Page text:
US states are moving to ban animal testing of cosmetics. Seven states now have bans: California, Nevada, Illinois, Virginia, Maryland, Maine & Hawaii. Four more states have introduced bills: New Jersey, New York, Oregon & Rhode Island.
These efforts are supported by industry, largely because they reflect current industry practice. In general, the cosmetic industry now avoids all animal testing unless required by a specific regulation.
The main battle ahead is to change the minds of regulators requiring these tests.
The states have similar language for their bans, often word for word. The key provisions in the bans are:
Every state ban includes the same exceptions to the ban. The following list shows the exceptions and their effect on the cosmetics we use.
Tests on invertebrate animals
Allows tests on the water flea, the invertebrate typically used in cosmetic tests for ecosystem effects. Affects many cosmetic ingredients, including all made in or imported into the EU in quantities over 1 ton/year.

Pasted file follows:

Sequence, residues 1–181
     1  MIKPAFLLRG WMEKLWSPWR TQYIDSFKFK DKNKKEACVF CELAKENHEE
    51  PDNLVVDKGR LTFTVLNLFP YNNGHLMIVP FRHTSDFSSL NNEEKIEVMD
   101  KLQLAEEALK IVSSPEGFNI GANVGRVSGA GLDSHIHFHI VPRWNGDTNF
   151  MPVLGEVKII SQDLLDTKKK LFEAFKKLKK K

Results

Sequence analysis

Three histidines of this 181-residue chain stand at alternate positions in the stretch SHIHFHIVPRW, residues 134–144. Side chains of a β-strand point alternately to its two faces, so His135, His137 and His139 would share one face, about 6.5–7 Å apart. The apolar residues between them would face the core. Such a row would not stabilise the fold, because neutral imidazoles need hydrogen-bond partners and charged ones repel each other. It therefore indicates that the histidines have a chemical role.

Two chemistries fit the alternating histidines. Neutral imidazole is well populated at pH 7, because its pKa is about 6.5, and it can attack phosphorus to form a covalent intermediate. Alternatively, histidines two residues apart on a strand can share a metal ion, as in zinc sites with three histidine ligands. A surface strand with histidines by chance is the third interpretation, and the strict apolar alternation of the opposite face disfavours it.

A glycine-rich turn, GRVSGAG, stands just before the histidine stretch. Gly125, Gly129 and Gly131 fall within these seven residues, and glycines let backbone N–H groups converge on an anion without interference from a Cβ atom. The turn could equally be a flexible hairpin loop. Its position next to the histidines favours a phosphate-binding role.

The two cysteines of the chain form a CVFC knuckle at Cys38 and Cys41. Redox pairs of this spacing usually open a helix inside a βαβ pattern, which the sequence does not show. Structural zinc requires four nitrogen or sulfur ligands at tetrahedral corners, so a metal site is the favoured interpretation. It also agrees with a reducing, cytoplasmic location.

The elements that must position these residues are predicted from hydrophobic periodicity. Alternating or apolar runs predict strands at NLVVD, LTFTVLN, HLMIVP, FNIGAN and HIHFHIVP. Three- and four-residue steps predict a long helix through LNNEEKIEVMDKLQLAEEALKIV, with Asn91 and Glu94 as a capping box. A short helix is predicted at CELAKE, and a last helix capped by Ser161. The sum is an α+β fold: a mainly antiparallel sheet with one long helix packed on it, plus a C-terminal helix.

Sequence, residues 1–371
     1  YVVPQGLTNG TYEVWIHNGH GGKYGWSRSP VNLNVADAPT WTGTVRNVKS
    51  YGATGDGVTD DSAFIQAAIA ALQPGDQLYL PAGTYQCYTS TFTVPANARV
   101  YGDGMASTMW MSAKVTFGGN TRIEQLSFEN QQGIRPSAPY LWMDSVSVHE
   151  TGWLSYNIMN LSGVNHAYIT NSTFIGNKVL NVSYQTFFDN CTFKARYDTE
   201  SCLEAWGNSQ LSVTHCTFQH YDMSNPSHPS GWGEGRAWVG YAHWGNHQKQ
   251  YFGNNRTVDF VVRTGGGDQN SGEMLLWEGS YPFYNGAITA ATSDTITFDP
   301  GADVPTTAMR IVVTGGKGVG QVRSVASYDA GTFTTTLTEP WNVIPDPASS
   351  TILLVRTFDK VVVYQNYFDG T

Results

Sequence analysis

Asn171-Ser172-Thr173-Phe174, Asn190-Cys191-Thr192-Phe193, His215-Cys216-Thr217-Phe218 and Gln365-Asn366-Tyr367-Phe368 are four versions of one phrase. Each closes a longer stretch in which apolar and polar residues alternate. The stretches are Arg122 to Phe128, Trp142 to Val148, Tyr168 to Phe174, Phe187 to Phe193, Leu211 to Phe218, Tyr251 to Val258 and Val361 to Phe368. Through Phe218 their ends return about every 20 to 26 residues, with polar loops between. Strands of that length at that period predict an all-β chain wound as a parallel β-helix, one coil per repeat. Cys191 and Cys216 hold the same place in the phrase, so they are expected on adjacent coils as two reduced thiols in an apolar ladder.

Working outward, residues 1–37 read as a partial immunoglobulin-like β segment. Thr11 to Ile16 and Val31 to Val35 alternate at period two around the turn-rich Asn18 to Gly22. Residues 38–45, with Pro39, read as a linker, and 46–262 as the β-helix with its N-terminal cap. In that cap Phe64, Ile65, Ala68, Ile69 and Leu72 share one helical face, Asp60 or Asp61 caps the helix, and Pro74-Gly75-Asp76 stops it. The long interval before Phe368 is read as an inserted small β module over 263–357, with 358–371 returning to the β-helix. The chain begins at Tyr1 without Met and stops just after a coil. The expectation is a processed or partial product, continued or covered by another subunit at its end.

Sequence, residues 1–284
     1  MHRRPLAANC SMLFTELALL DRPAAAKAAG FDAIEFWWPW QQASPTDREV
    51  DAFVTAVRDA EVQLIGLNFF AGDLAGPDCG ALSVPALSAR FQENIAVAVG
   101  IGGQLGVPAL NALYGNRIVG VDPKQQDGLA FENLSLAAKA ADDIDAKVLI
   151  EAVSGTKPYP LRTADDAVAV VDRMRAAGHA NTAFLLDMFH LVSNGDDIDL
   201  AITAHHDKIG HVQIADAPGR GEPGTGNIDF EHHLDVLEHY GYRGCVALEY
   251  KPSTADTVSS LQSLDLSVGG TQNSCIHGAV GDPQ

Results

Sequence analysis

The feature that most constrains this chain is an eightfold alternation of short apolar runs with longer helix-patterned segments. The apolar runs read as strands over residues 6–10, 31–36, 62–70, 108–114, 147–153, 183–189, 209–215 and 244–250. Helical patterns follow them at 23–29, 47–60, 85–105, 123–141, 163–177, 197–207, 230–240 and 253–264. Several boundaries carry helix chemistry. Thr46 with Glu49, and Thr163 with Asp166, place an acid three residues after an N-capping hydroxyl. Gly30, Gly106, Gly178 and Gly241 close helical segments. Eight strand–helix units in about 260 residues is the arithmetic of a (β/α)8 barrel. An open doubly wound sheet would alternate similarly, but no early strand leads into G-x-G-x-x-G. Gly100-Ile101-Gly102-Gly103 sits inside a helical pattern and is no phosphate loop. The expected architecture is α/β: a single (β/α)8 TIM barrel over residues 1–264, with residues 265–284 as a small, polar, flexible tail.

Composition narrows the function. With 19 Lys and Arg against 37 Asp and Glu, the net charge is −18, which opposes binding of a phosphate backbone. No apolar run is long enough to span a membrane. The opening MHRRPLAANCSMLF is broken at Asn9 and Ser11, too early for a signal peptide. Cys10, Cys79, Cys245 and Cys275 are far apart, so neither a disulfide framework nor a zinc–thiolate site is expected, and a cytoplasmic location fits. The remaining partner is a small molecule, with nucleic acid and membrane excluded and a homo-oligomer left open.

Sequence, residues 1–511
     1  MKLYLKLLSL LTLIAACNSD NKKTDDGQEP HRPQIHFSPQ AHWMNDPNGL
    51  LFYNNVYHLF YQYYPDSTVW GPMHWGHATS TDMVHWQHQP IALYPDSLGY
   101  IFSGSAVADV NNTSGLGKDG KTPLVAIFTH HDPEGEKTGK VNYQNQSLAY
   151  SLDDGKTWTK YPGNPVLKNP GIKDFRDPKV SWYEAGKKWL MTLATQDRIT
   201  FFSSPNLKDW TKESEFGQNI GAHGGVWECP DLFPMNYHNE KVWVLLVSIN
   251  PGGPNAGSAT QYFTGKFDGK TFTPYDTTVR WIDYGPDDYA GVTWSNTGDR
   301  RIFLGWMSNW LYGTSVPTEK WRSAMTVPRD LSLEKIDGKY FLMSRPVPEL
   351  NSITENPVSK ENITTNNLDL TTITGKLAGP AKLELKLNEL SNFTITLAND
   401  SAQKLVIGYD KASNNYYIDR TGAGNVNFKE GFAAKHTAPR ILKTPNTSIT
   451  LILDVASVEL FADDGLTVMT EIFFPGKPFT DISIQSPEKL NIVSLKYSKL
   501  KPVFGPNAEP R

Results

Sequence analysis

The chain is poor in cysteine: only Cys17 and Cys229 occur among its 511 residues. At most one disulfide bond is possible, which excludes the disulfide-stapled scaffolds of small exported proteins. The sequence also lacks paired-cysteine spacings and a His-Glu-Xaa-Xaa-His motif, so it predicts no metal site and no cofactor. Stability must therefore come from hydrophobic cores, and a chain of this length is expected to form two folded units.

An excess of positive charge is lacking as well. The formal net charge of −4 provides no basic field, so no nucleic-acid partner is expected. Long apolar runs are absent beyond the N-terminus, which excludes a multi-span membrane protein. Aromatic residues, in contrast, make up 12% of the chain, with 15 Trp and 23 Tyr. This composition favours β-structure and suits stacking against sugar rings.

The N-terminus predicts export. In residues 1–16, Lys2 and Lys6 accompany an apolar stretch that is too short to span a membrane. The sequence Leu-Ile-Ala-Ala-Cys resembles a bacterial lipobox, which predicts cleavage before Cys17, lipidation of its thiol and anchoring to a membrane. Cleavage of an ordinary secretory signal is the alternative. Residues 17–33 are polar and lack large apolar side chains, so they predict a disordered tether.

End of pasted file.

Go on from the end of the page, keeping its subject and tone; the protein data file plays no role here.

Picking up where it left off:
Tests on sunscreen active ingredients
Allows tests on the 16 FDA-approved active sunscreen ingredients. Likely related to the FDA's proposed new sunscreen regulation requiring new safety data. Zinc oxide and titanium dioxide are less likely to be affected, because the FDA's proposal designates these as Generally Recognized As Safe (GRAS).
Some tests for US/state regulations
Test is allowed only if all the following are true: A health problem is substantiated; the ingredient is widely used with no available substitute; no accepted non-animal alternative exists. Likely, few tests will qualify.
Tests for foreign regulations; the tests can't be used to assess cosmetic safety
Hard to estimate, but currently few ingredients are likely affected. A study of 65 cosmetic ingredients found that only five of the ingredients had tests for foreign regulations from 2009-2020. This will change if the EU upholds a recent ruling that allows ECHA, an EU regulatory agency, to require animal testing of cosmetic ingredients under its REACH program. If that happens, many cosmetic ingredients will be tested on animals.
Tests for a non-cosmetic purpose when the ingredient has non-cosmetic uses.
This affects most cosmetic ingredients, most of which have other uses, such as for household products.
A major difference in the language used by some states is significant:
Copyright © 2021 by White Rabbit Beauty LLC